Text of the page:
This was an overarching theme that wove across the episode in a series of well placed, well thought out scenes.
After a series of failures or setbacks, which, in hindsight, are always a part and parcel of any endeavor, we not only saw several people doubting, second guessing, Osman’s vision, judgement & direction, but the writers themselves, putting words of disturbing logic into their mouths.
Boran: A World Shaken
A physically & psychologically tormented Boran asking Osman Bey if the entrustment, his Gonca had died protecting, was worth her life – and by extension, his life. This simple exchange. I have no words to describe just how moving I found it 😢
Boran’s grief, his brokenness – his struggle to come to terms with his loss, to find peace, to be whole again. His anger, his tears, his bitterness, his doubts – and later, his interaction with Kumral Abdal – everything was so true to life.
Then, on the other hand, the flicker of pain in Osman’s eyes, the way he joined their foreheads together, made us feel just how deeply the question, its implicit doubt, affected him, especially coming from Boran 😢
But not half as much as the questions, the doubts, he saw in Gunduz’ eyes…at the Bey council in Söğüt.
Which brings us to…..
The Progression in Gunduz’ Arc!!:
Ah Gunduz Abi!!!!
This episode made us revisit a question that would often get asked in seasons 1 & 2? What made Ertuğrul Bey choose his youngest son Osman, and not Gunduz & Savcı, both older & more experienced than him, as his heir and successor?
And more pertinent to our topic here, what was it that he saw in Osman’s character that he didn’t in Gündüz’? The brave, the level headed, the even tempered, the good hearted, the deeply principled Gündüz.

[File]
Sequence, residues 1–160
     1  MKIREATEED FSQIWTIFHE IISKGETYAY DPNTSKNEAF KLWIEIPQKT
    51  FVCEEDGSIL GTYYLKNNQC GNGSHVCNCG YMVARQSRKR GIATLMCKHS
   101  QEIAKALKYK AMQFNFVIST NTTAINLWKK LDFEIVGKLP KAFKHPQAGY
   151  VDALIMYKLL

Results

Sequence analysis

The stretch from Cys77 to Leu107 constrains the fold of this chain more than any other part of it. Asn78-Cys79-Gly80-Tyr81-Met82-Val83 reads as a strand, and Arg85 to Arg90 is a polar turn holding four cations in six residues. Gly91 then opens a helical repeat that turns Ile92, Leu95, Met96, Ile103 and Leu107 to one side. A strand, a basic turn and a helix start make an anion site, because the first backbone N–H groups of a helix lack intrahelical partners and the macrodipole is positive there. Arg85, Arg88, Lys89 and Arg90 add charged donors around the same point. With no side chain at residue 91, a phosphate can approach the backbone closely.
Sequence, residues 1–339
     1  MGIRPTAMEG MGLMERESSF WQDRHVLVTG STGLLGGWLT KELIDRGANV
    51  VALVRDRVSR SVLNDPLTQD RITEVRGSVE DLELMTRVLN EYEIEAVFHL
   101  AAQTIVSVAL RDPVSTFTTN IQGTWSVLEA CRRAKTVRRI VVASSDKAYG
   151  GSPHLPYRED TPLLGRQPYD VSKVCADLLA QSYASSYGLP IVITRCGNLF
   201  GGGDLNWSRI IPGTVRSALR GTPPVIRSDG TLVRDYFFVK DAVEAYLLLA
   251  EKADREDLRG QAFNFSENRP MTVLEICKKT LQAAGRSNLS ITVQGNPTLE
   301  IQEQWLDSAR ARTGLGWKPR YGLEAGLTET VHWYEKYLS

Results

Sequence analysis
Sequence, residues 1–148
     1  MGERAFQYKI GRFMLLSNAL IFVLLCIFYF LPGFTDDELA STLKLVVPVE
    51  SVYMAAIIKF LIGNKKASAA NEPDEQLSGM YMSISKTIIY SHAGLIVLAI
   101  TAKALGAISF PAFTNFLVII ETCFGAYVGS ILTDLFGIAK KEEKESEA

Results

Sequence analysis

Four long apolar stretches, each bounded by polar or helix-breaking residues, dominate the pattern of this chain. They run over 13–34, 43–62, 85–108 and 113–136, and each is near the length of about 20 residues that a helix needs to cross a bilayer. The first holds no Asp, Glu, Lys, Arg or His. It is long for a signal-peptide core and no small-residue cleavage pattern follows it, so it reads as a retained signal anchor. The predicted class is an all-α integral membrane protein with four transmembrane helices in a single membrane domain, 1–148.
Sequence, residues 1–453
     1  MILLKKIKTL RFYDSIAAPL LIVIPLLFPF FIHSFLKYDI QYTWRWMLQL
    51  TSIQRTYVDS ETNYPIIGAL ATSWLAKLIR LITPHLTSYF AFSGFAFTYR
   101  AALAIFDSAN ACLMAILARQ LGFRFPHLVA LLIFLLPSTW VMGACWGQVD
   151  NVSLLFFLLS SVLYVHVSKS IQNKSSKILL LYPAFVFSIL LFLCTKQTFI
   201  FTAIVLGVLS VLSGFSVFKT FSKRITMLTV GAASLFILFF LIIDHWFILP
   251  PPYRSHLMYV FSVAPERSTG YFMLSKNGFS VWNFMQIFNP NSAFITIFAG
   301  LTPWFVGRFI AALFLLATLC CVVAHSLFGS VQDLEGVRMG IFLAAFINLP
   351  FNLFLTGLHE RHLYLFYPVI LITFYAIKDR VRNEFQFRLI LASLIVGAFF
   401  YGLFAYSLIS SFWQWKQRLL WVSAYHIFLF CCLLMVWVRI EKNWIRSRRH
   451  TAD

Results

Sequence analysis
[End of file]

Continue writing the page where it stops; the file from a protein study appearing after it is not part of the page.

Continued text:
The answer to this, in my opinion, was spread across S1 & S2 as well, but it came to a head in this episode in a way that was deeply disturbing.
Gündüz is no Dundar, he is too pure hearted for that but his weakness has always been poor judgement of character. Always seeing the best in people, he can be trustful to the point of naïveté – a very true to life characterization – and that was probably why Ertuğrul Bey, in the best interest of his tribe, chose Osman instead of him.
Osman, who, of course, has his own set of weaknesses, also has the qualities Ertuğrul Bey was looking for in a leader, a visionary, capable of pushing boundaries, of establishing a state for his chaotically scattered people.
If you recall, for the longest time, Gündüz, unlike Osman, trusted Dundar & his intentions as well and in a way, even encouraged Osman to forgive, think better of him.
And in my opinion it was in keeping with his character profile that he fell for conniving scumbag AlemShah’s lies & deceit (the whole big show he made to prove that he, with his State backed power & suave politics could save Boran & Edebali when Osman, for all his big talk, couldn’t!).
I don’t think he handed over Mari to her brother to gain power or AlemShah’s approval. He genuinely believes it’s for the well being of the tribe which, according to him, Osman’s stubbornness & ‘desire to be a hero’ is putting in jeopardy by unnecessarily inviting the Byzantine Emperor’s wrath. That too for a Byzantine girl, sister of one of their biggest enemies, they didn’t even know about just a few months back.
And then, he’s just following the order of the Shadow of the Sultan, the representative of the existing State they’re still a part of, who, in the hierarchy of power, is clearly above Osman Bey.
It’s definitely a complex, ambivalent, debate generating situation….and I’m intrigued to find how this story arc will progress in the coming episodes.
Osman Bey: Fakreddin, The Pride Of Faith.
Herbert Gibbons, The Foundation Of Osmanlis, on Osman Ghazi: “The way his state was formed was the assurance of its permanence and of its great future. It is also an indication of the real greatness of the man who formed it”